The Inherence Heuristic as a Source of Essentialist Thinking
During his Center appointment, Professor Cimpian will first characterize the inherence heuristic, a basic psychological process that he proposes is involved in reasoning about the world. He will then demonstrate that this heuristic is a potential source of essentialist thinking, the common belief that categories of things in the world (e.g., cats, men) cohere by virtue of a deep underlying “essence.”
The inherence heuristic is the tendency of people to view the current reality as stable, unchangeable, and natural rather than as the result of a complex set of historical circumstances. In a sense, this heuristic imposes a sort of blindness or insensitivity to the counterfactual possibilities, to what might have been instead of what actually is. To investigate this psychological process, Professor Cimpian plans to (a) develop and validate a scale that measures individual differences in the tendency to use the inherence heuristic, (b) provide evidence that this scale correlates with measures of essentialist thinking, and (c) demonstrate that experimental manipulations designed to lessen the use of the inherence heuristic also lessen essentialism.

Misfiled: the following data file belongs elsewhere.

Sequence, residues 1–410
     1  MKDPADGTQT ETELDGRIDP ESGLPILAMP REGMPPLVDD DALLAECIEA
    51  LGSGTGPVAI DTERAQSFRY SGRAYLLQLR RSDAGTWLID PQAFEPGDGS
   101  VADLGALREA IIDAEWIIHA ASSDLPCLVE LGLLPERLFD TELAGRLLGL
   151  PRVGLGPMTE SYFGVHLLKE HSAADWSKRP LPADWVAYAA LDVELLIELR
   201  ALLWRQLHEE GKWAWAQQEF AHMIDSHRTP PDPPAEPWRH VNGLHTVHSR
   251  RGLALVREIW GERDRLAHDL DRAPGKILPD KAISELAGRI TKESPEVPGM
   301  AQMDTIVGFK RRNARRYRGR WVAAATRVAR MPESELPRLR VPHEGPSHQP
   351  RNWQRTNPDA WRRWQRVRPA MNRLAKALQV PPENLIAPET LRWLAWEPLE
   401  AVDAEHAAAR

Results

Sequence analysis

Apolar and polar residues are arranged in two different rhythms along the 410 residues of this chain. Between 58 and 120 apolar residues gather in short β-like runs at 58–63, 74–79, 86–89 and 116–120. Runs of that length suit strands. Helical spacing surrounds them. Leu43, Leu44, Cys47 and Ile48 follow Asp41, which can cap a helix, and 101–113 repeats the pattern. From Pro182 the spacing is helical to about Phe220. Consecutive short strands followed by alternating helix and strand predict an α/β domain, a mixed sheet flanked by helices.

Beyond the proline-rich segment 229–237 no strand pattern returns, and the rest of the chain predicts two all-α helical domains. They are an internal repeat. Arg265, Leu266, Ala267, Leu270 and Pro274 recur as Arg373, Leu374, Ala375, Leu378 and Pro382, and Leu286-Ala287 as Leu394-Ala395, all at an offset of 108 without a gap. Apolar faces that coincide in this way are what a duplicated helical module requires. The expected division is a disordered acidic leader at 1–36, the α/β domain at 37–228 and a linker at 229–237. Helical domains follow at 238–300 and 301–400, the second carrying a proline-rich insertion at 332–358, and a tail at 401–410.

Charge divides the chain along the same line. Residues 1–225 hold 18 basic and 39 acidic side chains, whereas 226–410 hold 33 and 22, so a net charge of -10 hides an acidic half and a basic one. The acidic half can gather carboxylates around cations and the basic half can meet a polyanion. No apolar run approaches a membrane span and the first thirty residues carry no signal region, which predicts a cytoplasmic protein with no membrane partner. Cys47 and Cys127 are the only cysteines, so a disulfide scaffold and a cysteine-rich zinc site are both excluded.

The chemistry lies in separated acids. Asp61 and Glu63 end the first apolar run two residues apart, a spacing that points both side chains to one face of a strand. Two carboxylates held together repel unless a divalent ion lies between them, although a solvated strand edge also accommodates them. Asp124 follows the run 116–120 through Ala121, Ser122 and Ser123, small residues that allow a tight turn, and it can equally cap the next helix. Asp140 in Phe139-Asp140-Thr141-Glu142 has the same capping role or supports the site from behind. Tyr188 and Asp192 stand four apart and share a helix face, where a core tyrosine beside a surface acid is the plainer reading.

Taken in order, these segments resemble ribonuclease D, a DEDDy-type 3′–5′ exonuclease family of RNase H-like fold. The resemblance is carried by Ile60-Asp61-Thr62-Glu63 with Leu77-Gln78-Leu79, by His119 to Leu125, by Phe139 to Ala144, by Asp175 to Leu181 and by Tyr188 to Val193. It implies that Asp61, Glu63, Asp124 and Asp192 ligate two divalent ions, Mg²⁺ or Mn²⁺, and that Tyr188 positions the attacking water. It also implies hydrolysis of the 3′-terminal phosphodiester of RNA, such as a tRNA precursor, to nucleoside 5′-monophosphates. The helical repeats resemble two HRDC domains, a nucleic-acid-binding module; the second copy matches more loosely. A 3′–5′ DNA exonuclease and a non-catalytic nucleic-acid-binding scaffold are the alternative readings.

A second set of studies will explore the developmental course of the inherence heuristic and its relationship to essentialism. Anecdotally, children seem much more prone than adults to the use of this heuristic. For many children the rules and patterns of everyday life seem to take on a life of their own, to the point where even minor violations prompt strong reactions. Professor Cimpian will examine these developmental questions with cohorts of adults and 4- to 7-year-old children.
This project is the first to describe and provide evidence for the inherence heuristic in human thinking. Through the hypothesized relationship between the inherence heuristic and essentialism, the research is also likely to have significant practical implications: essentialist inferences and beliefs form the basis of many undesirable aspects of our society, including stereotyping and prejudice.